For example, a growing number of international companies are currently joining local operators in hiring staff on a contract basis. By offering linguists and other industry professionals “contract assignments” with a fixed monthly compensation, they can bypass legal obligations and commitments as an employer and make a “cash-in-hand” offer that a local company with an in-house employee philosophy can not compete with.

By and large, these assignments are performed from the individual’s home and personal computer, further contributing to running an operation with minimal overheads. In some cases, however, the practice is also deployed in office environments, with either part or whole of the compensation being paid under the table.

Regardless, there are many flip sides to this practice. On one hand, it hardly offers the individuals in such roles an environment in which to develop professionally. It also indirectly encourages illegal and irresponsible behavior, as it is easy to circumvent taxation and other obligations, such as pension and social security contributions. On the other hand, it introduces a multitude of risks to the end client of the services.

The unstructured production environment will inevitably create dependency on individuals who are only loosely connected to the vendor organization, bringing about concerns for the consistency and sustainability of service levels and quality standards, not to mention the security and integrity of project data. All of this is contrary to the best interests of customers as well as providers of language services and is counterproductive to a continued positive industry evolution in the region.

The net effects are still to be fully felt in Argentina and Brazil. No doubt freelance translators are feeling the push on prices, and many already accept lower rates as the amount of work is on the decrease and competition for assignments is stepping up. Smaller agencies may see opportunities to compete on price, especially as subcontractors to multilingual vendors, but need to be cautious as this is often supported by processing shortcuts that inevitably carry long-term risks.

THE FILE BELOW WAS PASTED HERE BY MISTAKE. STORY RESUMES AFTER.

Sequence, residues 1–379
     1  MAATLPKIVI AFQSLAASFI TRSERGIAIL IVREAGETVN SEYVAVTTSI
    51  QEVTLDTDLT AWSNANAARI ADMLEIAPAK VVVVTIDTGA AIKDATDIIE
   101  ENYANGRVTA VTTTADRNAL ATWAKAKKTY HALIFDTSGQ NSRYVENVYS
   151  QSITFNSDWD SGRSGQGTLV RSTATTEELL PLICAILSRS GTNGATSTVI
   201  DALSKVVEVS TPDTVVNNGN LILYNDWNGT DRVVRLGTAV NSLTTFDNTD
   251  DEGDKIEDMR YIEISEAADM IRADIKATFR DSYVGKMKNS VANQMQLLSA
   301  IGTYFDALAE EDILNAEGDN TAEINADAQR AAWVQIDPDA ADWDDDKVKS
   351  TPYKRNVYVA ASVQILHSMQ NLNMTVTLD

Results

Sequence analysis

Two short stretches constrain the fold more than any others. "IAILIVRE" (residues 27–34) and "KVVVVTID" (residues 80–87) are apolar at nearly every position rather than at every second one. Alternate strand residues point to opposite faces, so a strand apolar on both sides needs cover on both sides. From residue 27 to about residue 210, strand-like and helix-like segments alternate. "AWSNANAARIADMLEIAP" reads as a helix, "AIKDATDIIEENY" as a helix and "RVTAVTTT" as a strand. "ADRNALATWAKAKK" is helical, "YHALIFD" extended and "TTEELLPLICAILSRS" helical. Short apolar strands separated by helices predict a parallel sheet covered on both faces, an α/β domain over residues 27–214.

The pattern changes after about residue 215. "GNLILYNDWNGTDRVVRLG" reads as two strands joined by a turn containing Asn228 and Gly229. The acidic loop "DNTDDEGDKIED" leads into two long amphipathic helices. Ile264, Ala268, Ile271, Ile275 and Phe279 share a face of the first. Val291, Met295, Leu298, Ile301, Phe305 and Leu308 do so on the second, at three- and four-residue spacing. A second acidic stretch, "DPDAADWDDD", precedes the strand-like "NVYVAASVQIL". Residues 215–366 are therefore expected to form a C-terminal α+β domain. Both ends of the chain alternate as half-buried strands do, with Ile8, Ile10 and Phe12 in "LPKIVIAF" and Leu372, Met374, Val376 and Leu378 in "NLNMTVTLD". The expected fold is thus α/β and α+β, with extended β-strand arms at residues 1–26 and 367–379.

Many companies with a larger infrastructure are certain to experience a reduced growth pattern and will be looking for ways to scale down operations to a smaller and temporarily more sustainable level.

On a more positive regional note, the crisis is also acting as a catalyst for some end clients to reassess their supply chains and consider going directly to a local or regional supplier rather than accept the price premiums charged by multilingual vendors. As such, clients are likely to value the characteristics of the larger operators with a strong infrastructure, and thus there is an opportunity for leading companies to offset the negative impacts of the global recession. I remain confident in the underlying fundamentals and believe the language industry has a bright future in Latin America. For the time being, we will focus on finding a way through the crisis just like most others — by battoning down the hatches, doing a great job for our clients and hoping for better days ahead!